A Mom After God's Own Heart said...

Sounds like a great book Mark....very intriguing to say the least....I may have to add it to my ever growing list of books to read this year!!!

Elayne said...

I have had the book for a few years now, started reading it and got bogged down. I may just have to pick it up after I finish my current read by Philip Yancey "Reaching for the Invisible God" Have you read it? I just started reading it though I think I read it a number of years ago.

Marc Vandersluys said...

Great book!

Coupla questions:

1. What did he say about forgiveness that was heretical?

2. Which "smart" people say he's a heretic?

The strongest balanced criticism I've heard of Bell (in this book specifically) is that some of his rabbinic explanations/interpretations are based on Rabbinic teachings which did not exist prior to the writing on the New Testament.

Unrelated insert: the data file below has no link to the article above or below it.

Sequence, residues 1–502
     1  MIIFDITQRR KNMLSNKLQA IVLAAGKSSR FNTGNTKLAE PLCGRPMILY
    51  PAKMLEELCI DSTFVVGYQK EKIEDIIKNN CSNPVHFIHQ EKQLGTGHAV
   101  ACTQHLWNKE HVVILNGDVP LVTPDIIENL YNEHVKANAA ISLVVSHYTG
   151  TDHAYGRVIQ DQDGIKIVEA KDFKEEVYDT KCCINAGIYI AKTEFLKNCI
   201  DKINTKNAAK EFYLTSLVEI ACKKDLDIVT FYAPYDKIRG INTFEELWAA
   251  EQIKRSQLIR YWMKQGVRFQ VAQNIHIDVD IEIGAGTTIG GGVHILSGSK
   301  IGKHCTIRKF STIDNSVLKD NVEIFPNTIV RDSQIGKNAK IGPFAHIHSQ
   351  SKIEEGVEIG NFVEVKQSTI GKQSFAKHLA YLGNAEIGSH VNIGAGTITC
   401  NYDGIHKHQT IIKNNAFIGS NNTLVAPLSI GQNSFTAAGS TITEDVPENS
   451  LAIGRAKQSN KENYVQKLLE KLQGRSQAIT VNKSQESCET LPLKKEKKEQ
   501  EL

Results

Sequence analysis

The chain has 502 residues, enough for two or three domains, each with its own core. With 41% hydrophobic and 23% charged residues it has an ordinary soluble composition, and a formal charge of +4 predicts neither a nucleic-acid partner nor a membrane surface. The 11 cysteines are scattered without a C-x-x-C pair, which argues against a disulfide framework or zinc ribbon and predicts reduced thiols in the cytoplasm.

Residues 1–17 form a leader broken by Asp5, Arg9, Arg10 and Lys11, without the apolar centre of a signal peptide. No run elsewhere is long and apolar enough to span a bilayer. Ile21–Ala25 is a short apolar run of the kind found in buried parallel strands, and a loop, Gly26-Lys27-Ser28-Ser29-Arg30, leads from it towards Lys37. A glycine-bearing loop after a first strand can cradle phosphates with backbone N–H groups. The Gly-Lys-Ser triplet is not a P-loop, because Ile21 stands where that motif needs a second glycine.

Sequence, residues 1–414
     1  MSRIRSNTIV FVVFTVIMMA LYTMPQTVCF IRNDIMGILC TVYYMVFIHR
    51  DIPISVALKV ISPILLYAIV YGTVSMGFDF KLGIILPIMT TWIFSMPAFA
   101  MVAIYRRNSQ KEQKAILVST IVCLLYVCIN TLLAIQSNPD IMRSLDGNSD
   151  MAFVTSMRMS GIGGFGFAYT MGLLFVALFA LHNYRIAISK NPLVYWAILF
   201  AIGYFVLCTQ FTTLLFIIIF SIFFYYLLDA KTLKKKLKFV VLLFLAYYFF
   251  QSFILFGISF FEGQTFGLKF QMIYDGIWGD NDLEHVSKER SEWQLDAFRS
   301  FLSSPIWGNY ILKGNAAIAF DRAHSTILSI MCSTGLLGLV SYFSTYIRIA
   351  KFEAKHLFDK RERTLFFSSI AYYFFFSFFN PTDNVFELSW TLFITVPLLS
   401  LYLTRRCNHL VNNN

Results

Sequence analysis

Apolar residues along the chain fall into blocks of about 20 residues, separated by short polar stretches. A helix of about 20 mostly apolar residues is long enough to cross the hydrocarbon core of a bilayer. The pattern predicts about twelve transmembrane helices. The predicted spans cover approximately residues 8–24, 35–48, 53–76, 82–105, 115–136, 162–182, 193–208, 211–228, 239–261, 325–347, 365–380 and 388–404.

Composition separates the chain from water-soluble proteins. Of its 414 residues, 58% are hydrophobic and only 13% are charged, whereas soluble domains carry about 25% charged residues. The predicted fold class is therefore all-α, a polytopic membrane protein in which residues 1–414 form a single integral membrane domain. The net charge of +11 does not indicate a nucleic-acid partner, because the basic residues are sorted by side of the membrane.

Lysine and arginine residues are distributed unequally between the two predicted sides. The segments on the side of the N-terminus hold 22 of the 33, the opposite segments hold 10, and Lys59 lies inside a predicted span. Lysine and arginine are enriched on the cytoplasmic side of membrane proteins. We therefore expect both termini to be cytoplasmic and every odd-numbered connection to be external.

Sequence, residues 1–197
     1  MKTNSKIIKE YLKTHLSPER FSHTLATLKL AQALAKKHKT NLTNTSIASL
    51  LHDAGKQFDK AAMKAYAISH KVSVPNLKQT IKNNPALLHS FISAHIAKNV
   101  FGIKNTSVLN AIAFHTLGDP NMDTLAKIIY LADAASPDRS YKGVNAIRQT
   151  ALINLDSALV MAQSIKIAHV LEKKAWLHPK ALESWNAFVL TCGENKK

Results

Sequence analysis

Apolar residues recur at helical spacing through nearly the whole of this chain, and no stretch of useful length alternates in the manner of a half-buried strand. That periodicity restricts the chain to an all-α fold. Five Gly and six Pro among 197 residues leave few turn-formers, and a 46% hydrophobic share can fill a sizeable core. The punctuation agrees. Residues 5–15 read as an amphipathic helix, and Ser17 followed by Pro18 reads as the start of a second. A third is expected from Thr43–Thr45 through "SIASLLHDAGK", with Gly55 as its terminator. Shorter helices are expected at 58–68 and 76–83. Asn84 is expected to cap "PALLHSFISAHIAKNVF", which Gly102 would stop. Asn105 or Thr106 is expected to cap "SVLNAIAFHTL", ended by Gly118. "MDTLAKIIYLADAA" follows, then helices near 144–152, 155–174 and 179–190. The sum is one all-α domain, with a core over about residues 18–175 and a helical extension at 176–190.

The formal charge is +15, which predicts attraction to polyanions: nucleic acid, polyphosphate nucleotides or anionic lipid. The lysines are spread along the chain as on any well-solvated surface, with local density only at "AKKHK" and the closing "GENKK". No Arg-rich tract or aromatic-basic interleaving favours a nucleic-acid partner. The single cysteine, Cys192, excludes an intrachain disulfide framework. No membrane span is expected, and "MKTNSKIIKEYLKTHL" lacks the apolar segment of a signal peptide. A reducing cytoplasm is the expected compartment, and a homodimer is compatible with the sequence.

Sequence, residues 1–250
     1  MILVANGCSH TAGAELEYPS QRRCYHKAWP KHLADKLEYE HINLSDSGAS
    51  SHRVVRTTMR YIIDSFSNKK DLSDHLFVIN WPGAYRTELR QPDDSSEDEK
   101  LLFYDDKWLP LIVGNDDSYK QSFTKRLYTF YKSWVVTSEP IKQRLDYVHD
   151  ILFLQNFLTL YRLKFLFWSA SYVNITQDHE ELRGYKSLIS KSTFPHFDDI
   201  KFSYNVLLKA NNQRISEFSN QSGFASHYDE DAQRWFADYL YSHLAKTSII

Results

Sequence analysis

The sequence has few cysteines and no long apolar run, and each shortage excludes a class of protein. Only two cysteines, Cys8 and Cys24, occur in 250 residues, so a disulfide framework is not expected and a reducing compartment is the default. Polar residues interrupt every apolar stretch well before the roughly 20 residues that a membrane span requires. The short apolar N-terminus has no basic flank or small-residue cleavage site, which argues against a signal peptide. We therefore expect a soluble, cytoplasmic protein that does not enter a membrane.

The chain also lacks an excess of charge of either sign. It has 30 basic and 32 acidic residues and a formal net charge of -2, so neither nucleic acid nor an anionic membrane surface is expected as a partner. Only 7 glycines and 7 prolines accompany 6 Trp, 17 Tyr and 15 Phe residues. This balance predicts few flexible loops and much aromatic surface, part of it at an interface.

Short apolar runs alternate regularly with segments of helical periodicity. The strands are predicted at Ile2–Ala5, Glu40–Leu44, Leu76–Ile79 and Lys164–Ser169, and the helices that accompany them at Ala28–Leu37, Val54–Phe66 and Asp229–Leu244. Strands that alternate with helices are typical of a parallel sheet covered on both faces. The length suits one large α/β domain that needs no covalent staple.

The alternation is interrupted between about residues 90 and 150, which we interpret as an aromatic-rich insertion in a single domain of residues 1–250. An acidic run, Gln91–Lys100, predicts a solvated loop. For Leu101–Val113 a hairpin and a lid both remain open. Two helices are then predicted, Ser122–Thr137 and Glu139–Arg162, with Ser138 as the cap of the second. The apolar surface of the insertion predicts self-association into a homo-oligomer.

I do remember that whole bit about trampolines vs. brick walls (and I think he related it to evolution) caused quite a stink in our small group. There was a distinct divide between those who liked what he said and those who were very uncomfortable with it. But, as you say, it's good to be jolted every now and then.

Anonymous said...

Hey Mark, just thought I would share our experiences with this guy.